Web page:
Charles Dickens, Carl Winderl, Zach Winderl

            So what is it that these 3 writers have in common – that they should headline this post?

            Charles Dickens here might be obvious:  he’s the most popular, well-known, and widely acclaimed for his literary talents.

            Carl Winderl . . . certainly less so:  except for those on the que vie – he’s Zach’s dad.

            And Zach? . . . apart from being Carl’s son – he’s most eminently the Literary Busker and notorious for his Atom & Go Series.

            More importantly though, these 3 appear here because they master the NADD Tools.       

            This 6-part series will reveal how all 3 have landed in this Venn Diagram for how to best tell a story “in print.”

            Dickens excelled in Great Expectations, a landmark novel of Realism.

            Carl Winderl plies his trade in poetry, as will be illustrated in his soon-to-be-published The Gospel According . . . to Mary.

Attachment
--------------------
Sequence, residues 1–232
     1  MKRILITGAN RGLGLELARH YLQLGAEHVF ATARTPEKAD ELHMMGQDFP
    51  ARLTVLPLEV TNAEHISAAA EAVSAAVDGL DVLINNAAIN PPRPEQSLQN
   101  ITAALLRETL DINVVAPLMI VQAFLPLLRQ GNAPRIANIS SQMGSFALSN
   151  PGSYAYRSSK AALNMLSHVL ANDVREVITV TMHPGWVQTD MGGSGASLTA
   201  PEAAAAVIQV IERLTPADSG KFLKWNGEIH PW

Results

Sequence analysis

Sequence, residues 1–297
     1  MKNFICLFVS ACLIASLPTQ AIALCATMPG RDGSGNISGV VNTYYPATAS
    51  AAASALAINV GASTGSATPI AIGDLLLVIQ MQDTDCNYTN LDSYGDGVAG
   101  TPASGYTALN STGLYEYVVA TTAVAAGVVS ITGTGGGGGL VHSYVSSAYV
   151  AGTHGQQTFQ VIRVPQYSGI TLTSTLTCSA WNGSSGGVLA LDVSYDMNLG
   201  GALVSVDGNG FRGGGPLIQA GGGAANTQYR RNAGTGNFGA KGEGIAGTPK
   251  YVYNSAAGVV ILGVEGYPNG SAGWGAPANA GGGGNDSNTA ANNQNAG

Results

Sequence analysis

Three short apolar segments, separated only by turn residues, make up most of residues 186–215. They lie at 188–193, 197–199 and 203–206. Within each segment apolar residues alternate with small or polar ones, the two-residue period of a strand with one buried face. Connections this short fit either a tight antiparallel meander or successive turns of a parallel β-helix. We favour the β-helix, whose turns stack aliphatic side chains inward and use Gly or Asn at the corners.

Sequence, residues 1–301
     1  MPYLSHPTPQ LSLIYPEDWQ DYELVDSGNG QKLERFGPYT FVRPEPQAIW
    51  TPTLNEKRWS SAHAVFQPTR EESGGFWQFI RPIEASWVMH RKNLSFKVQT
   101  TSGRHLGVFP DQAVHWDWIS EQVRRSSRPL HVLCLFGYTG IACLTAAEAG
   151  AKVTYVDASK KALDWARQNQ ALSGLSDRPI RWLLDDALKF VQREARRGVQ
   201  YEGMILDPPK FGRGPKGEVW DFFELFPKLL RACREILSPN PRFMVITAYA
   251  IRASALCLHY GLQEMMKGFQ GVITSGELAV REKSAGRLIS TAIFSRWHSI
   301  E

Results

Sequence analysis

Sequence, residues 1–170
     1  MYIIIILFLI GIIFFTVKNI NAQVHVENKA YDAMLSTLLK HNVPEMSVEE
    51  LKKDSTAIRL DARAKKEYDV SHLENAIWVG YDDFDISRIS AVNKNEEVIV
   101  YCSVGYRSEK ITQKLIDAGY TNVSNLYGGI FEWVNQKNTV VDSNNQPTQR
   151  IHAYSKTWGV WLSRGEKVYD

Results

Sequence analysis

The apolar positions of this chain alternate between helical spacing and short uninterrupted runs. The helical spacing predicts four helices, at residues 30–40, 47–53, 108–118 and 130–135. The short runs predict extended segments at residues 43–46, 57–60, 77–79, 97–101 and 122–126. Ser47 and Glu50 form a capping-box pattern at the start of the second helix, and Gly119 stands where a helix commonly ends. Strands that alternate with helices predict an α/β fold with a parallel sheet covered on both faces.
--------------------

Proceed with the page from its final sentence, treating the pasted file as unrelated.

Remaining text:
And Zach, in addition to being the Literary Busker, regales his readers with the soft sci-fi adventures of Atom & Co.

            Like all writers, regardless of genre, these 3 to-be-focused on in this series, have on hand a “tool box” for their art, and in it are many tools, but chief among them are those 4 lettered N – A – D – D.

            They stand for Narrative – Action – Description – Dialogue.

            In Great Expectations, The Gospel According . . . to Mary, and Atom & Go:  Trinity all 4 of these tools are used to great effectiveness:  to move storylines forward, to bring characters to life, and to engage and involve readers in each author’s vision of the world.

            The next 4 parts in this series will define, explain, and apply each tool, and then illustrate it with a brief example from the authors’ works.

            So, until the next post:  keep on keeping on; keep your head in the game; and always keep flying the Black.

Guest Post by C. Winderl

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